From war effort-driven inventions through to John F. Kennedy’s challenge to put man on the moon, governments have pushed innovation forward throughout history. But should governments invest directly in innovation, or do it by inviting companies to invest and giving them better conditions to do so? This is a debate with roots in another never-ending, highly political and ideological argument: if, how and to what extend should the State intervene in the economy.
One of the best-known examples is when, in May 1961, President Kennedy challenged the United States to take men to the moon by the end of the decade. It was a movement led by government investment that called upon the brightest minds and achieved its remarkable goal on 16 July, 1969. Another less alluring, but impactful, example is Napoleon’s prize for food preservation to help feed his army, giving us the basic technology still used to can foods.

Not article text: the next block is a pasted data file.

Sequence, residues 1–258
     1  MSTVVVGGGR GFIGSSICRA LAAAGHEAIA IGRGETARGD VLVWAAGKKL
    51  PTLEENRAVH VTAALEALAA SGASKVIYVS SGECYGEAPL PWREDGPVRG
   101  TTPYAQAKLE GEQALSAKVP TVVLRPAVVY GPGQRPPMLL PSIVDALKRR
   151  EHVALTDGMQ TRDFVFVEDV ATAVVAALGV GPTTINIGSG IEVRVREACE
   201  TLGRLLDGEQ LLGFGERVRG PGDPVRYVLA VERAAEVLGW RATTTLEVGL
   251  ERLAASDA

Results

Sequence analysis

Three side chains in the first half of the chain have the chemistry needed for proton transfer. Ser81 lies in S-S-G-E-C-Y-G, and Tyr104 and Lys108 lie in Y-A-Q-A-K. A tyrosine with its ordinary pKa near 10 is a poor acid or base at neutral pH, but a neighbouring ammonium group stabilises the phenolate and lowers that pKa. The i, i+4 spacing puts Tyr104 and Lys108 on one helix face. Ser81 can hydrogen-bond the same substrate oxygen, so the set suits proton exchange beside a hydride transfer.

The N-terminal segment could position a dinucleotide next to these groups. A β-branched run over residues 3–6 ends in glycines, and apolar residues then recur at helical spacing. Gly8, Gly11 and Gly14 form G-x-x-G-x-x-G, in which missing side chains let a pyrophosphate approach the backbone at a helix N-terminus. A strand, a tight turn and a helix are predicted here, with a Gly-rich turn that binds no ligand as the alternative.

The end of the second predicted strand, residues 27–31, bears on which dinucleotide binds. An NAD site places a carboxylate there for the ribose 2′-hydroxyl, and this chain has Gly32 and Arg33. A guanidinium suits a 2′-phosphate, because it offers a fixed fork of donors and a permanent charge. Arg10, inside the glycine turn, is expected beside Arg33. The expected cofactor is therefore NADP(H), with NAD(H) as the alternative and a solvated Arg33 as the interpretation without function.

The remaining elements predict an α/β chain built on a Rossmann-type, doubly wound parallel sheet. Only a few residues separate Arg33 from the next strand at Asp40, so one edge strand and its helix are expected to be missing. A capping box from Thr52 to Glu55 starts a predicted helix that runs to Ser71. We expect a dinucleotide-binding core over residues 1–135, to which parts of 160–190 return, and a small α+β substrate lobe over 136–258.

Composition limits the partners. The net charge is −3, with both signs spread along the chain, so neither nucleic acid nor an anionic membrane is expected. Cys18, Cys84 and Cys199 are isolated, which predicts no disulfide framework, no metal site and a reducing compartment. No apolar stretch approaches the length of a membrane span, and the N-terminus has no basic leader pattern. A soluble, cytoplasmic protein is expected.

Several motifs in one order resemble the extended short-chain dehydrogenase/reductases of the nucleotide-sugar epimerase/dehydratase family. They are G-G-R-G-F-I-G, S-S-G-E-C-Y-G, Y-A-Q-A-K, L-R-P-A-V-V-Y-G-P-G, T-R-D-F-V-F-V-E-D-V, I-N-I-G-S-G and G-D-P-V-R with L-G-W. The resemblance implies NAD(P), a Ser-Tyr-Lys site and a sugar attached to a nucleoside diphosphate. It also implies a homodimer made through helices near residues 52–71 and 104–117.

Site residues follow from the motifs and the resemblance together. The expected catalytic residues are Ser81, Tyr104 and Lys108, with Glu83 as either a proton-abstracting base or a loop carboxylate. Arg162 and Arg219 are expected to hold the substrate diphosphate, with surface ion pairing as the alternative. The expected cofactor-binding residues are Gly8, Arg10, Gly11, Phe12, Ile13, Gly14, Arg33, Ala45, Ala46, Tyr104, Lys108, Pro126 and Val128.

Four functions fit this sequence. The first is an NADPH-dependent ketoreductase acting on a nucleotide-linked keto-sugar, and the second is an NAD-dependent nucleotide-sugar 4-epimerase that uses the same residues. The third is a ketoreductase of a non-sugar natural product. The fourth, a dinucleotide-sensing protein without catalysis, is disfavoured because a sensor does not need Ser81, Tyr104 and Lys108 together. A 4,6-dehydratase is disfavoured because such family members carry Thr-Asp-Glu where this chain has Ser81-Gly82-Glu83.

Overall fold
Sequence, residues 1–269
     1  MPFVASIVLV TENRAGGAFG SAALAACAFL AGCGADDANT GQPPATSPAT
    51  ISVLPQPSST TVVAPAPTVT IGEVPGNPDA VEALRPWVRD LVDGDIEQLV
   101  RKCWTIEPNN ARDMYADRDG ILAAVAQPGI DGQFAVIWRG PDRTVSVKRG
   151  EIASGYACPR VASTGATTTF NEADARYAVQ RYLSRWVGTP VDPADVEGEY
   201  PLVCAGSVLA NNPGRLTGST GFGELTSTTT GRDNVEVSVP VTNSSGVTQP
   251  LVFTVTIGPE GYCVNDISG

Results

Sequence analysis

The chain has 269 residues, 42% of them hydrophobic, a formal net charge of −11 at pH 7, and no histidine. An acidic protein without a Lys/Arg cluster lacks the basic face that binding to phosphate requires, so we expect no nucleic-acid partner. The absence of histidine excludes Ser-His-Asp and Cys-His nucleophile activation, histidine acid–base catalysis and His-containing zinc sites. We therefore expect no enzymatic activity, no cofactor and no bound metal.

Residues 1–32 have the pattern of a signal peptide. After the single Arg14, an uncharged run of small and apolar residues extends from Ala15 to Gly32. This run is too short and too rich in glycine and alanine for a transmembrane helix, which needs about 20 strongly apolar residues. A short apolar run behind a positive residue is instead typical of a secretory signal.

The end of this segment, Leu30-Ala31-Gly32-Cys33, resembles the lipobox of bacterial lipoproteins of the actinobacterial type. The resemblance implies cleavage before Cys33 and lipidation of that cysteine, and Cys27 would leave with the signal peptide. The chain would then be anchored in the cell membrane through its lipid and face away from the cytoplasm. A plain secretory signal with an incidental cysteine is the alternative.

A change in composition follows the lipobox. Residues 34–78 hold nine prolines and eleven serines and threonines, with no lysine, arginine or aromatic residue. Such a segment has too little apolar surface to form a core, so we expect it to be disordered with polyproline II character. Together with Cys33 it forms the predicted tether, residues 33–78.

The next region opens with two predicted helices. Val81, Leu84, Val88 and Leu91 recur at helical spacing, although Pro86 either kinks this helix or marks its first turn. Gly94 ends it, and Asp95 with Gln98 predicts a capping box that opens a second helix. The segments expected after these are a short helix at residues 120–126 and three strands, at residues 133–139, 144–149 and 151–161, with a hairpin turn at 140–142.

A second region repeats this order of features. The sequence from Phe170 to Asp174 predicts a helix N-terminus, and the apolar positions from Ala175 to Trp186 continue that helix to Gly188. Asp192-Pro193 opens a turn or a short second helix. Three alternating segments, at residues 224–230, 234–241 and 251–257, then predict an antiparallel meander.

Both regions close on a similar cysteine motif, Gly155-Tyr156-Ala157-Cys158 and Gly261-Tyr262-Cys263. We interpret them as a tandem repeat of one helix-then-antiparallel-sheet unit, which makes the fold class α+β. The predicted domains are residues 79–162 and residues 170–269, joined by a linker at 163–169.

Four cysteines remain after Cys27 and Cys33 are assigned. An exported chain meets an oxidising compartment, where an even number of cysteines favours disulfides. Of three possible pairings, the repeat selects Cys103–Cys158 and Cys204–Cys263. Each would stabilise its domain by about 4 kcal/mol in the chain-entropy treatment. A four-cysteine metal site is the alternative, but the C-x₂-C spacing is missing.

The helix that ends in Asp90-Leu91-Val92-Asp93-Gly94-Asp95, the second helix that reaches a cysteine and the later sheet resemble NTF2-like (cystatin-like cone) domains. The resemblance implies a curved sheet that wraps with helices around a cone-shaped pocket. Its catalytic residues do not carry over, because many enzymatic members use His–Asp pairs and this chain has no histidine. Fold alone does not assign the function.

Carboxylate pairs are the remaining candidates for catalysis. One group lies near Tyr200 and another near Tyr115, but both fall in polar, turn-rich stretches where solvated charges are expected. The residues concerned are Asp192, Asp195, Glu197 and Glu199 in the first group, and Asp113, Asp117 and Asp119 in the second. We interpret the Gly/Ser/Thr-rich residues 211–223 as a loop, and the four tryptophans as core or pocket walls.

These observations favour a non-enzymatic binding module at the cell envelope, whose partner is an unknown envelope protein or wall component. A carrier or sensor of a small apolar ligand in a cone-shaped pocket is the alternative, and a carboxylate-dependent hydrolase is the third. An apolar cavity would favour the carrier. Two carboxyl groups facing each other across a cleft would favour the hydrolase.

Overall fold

Food is naturally a key sector, proved by the Canadian government’s recent resolve to support the Canadian Food Innovators and also to invest in key technological firms, which are welcoming this innovation push. The Gulf States have been investing heavily in promoting innovation and creating new hubs as well, taking lessons from previous examples, such as Japan’s.
With countries and companies eager for innovation – take India’s start-up ecosystem, for example – there is no single answer to this discussion, as there is no single way or formula to innovate. All in all, the message may be that innovation and moonshots are valuable, for companies and governments and, ultimately, for all of us.